Clock ticking for Tahir

South Africans fans, ever a fickle bunch, were always going to demand the world of Imran Tahir. While the expectations remain, more can be asked of him, writes Jonhenry Wilson.

For a man billed to change the face of South Africa's spin department, with his cosmopolitan roots and attacking leg-spin, Imran Tahir faces daunting odds ahead of his second full international season.

From the very outset, when confusion over his qualification and huge expectations coupled his inclusion in the World Cup squad, Tahir has been under the microscope.

A public following largely on the fence about the arrival of a Pakistan-born player to the Proteas fold soon welcomed the new recruit on the back of a sterling effort on the sub-continent, even if it didn't facilitate a semi-final graduation.

General inadequacy in the five-day fold – the ultimate testing ground – against Australia, Sri Lanka, New Zealand and now England, however, has opinion divided.

South Africans fans, ever a fickle bunch in the quest for their own Graeme Swann or – at the very least – Nathan Lyon, were always going to demand the world of Tahir.

Forced to rectify an average legacy exemplified by Pat Symcox and Nicky Boje's failure to thrive despite ample opportunity, the challenge set out for the journeyman couldn't have been bigger.

Paul Harris, who plied his trade for 47 Tests across four years before being unceremoniously dumped, will be the first to acknowledge the raw deal unashamedly dished out to South African spinners.

Just 14 matches into an international career that, one hopes, would have been mapped out for a lot more by the national selectors, now is not the time to give up on Tahir.

An inheritance perhaps left by the legendary Shane Warne, that a leg-spinner deliver on demand each time and every time, will see the 33-year-old meet his toughest test yet in Australia later this year.

Michael Clarke and company showed Tahir little mercy in his maiden Test series last year, when belated wickets through the tail-end saved him from an otherwise paltry debut.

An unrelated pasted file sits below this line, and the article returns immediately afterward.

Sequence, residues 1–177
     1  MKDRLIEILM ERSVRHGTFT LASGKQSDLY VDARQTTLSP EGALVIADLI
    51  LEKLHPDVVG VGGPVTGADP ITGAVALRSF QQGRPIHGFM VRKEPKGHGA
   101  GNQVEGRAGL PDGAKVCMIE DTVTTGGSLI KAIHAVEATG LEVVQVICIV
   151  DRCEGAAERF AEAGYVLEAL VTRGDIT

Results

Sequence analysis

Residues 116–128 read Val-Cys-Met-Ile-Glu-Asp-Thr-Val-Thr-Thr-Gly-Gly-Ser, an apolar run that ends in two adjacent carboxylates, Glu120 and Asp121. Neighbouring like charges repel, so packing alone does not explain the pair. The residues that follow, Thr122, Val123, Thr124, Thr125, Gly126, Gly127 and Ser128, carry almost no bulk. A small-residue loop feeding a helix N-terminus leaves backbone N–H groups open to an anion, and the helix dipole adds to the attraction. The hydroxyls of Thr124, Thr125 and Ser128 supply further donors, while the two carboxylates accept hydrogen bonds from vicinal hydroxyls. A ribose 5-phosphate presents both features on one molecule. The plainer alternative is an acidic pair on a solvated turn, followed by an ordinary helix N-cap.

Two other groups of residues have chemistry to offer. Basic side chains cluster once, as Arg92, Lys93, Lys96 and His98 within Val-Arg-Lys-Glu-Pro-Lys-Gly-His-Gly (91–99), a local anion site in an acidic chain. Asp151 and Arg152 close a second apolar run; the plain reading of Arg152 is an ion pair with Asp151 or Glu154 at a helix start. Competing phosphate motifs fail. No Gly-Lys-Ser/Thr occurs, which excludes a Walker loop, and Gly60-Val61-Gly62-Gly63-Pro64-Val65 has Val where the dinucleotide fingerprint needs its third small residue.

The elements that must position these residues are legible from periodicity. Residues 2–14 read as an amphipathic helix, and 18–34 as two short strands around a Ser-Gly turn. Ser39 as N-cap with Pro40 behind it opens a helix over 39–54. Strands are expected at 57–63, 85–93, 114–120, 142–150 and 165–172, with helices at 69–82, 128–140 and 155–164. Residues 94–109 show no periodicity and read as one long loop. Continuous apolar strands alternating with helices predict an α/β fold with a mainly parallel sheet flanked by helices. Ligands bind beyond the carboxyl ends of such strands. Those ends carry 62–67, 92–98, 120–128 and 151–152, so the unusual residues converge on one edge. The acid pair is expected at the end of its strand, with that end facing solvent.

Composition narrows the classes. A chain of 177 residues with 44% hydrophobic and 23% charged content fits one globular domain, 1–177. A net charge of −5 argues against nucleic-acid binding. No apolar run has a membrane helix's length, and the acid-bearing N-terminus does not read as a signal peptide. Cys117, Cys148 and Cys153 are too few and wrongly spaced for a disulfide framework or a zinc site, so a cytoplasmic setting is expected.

That trend of removing lower-order batsmen on the slog has since continued, typified by Stuart Broad and James Anderson's heaves at Headingley on Sunday, and certainly papers over Tahir's general inability to get rid of the bigger guns up the order.

Key to the visit Down Under and, indeed, his future will be as a complementary force to Dale Steyn. There isn't much sweeter viewing than a fast bowler and leg-spinner operating in tandem in Test cricket for extended periods (see Glenn McGrath/Warne circa 1995 through 2006).

For now, though, Tahir remains in limbo. Quick to judge at the first sign of a foot wrong (quite literally, given his rogue penchant for no-balls), South African fans will soon pick sides for good.

Coach Gary Kirsten and captain Graeme Smith, meanwhile, need to start asking more of their spin ace. While they'll be happy to let his expense slide (Tahir is so far more costly than Paul Adams, Symcox, Boje and Harris ever were), his bowling average – currently in the high 30s – has to decrease considerably.

Smith, more in the business of protecting the spinner than insisting he come the party at key junctures in the contest, has done well to reverse the norm against England. While Tahir hasn't exactly owned the opportunity, he'd do well to eradicate doubt through greater consistency.

Lord's will certainly allow Tahir to answer his critics a little bit more – and ascertain the exact extent of South Africa's bigger picture for him.

<b>Jonhenry Wilson</b>